Not all apologies are created equal, according to a study led by Roy J. Lewicki, Irving Abramowitz Memorial Professor Emeritus, at the Ohio State University’s Fisher College of Business.
Lewicki’s study, published in the May 2016 issue of the journal “Negotiation and Conflict Management Research,” used six elements of an effective apology found by previous studies to see which were the most effective. He defined an “effective apology” as one that is more likely to remedy an injustice or repair broken trust.
In two separate experiments, Lewicki and his co-authors tested how 755 people reacted to apologies. He found that the more elements included in an apology, the more effective it was.
“Apologies really do work,” said Lewicki. “But you should make sure you hit as many of the six key components as possible.”
These elements include:
- Acknowledgment of responsibility
- Offer of repair
- Expression of regret
- Explanation of what went wrong
- Declaration of repentance
- Request for forgiveness
While the best apologies contained all six elements, not all of these components are weighted equally, the study found.
“Our findings showed that the most important component is an acknowledgement of responsibility,” Lewicki said. “Say it is your fault, that you made a mistake.”
The second most effective element was an offer of repair.
“One concern about apologies is that talk is cheap,” he said. “But by saying, ‘I’ll fix what is wrong,’ you’re committing to take action to undo the damage.”
The next three elements, expression of regret, explanation of what went wrong and declaration of repentance, were essentially tied for third.
Although forgiveness is often a common component of a traditional apology, Lewicki found it is the least effective element.
“That’s the one you can leave out if you have to,” he said.
Lewicki’s first study included 333 adults who read a scenario in which they were the manager of an accounting department that was hiring a new employee.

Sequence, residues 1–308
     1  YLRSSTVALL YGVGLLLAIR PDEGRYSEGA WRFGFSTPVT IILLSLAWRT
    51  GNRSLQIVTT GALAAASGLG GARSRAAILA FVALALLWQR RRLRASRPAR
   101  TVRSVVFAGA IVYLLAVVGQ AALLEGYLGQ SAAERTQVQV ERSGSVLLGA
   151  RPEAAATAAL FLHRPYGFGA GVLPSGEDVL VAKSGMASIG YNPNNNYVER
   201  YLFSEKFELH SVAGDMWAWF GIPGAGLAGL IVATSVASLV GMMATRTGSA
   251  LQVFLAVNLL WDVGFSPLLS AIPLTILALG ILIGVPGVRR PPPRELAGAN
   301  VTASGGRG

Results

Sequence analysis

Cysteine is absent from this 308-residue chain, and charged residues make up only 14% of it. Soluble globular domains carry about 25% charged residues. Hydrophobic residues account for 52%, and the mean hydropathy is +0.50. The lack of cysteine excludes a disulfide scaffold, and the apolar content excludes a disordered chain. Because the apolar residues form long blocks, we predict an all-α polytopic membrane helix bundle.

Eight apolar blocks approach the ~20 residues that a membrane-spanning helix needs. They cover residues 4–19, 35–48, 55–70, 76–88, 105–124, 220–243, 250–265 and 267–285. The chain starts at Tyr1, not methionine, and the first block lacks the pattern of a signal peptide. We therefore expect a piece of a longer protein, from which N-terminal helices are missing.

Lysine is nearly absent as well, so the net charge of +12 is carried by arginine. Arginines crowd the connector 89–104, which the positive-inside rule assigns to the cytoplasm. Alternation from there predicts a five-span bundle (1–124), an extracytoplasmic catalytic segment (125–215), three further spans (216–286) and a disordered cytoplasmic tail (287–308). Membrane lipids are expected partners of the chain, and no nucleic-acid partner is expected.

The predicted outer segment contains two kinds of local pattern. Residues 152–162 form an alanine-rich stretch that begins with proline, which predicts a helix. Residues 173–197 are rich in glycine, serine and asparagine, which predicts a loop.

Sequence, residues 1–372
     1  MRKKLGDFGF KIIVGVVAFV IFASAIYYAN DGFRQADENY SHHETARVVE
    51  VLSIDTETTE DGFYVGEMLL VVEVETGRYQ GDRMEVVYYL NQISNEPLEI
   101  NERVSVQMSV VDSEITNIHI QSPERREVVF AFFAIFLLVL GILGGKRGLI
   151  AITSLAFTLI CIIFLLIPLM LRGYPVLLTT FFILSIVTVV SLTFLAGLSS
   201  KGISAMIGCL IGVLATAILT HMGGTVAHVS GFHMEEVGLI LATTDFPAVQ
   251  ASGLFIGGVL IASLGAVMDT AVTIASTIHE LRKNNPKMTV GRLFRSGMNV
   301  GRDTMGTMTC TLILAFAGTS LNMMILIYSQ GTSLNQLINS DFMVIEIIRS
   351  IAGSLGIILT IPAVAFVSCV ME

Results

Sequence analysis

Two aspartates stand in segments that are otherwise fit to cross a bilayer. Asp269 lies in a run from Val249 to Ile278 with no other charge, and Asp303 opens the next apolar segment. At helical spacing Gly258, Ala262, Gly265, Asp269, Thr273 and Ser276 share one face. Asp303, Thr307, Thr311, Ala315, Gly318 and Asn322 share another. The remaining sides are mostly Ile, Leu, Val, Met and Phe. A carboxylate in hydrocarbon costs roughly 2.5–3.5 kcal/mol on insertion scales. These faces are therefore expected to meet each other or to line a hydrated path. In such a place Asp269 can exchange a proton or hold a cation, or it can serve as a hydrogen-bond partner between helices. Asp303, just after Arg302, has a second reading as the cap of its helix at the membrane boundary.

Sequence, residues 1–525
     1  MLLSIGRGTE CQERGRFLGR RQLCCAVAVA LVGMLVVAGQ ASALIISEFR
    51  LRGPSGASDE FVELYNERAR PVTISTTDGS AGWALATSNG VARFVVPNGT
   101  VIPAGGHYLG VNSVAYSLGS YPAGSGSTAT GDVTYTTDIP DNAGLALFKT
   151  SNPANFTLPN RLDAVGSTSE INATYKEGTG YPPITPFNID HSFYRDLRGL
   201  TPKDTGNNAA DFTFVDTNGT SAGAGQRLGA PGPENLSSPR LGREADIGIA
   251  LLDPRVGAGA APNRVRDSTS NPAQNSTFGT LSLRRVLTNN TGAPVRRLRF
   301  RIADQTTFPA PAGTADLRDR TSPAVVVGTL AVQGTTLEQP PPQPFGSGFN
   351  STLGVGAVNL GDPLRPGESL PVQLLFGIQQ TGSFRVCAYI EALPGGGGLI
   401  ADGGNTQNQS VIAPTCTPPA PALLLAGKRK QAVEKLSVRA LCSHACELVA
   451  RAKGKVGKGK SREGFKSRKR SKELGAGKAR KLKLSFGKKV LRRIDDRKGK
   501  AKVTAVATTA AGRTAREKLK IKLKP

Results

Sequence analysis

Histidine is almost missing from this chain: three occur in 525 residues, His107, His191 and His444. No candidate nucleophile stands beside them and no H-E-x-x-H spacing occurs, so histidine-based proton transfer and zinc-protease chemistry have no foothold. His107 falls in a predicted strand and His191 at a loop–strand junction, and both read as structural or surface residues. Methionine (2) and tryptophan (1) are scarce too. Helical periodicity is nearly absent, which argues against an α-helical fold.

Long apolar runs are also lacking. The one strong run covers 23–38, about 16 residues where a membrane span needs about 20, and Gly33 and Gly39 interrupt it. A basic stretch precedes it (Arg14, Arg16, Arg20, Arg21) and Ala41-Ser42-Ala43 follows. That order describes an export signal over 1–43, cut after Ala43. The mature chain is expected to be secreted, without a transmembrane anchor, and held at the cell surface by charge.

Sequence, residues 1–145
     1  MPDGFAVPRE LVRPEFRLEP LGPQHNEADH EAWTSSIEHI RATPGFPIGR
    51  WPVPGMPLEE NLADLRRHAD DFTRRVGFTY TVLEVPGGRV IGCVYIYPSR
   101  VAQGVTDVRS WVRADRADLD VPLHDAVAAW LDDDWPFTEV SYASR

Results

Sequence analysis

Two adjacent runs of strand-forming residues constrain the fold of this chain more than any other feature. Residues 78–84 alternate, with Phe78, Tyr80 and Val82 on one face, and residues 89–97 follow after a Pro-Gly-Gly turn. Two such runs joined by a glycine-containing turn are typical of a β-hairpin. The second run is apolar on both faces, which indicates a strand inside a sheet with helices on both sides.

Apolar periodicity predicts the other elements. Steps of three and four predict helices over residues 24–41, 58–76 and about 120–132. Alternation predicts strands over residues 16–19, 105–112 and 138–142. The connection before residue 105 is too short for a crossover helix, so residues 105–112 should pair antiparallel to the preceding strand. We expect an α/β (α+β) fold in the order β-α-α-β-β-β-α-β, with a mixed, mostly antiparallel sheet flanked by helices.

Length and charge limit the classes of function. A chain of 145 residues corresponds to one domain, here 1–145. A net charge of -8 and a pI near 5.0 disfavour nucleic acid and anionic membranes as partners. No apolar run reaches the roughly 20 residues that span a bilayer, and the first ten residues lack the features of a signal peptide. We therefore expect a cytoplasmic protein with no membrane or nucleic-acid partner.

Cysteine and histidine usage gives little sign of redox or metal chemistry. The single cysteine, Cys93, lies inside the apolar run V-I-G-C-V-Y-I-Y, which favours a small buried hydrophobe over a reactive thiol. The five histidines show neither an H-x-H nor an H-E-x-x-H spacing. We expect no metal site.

At a previous job, the potential employee had filed an incorrect tax return that understated a client’s capital gains income. When confronted about the issue, the job candidate apologized.
The participants were told that the apology contained one, three or all six of the apology components. They were then asked to rate on a scale of 1 (not at all) to 5 (very) how effective, credible and adequate the apology statement would be.
The second study included 422 undergraduate students who read the same scenario as the first study. But instead of being told which components the apology contained, they read actual apologies that included anywhere from one to six statements based on the six elements.
For example, with acknowledgment of responsibility, the apology statement read, “I was wrong in what I did, and I accepted responsibility for my actions.”
They again rated how effective, credible and adequate the apology statement would be.
The results of the two studies were not identical, but researchers found they were very similar. In both studies, the more elements the apology contained, the more effective it was rated.
When the elements were evaluated one at a time, there was general consistency in the importance of the components across the two studies.
Lewicki noted that, in this work, participants simply read apology statements. But the emotion and voice inflection of a spoken apology may have powerful effects as well.
“Clearly, things like eye contact and appropriate expression of sincerity are important when you give a face-to-face apology,” he said.
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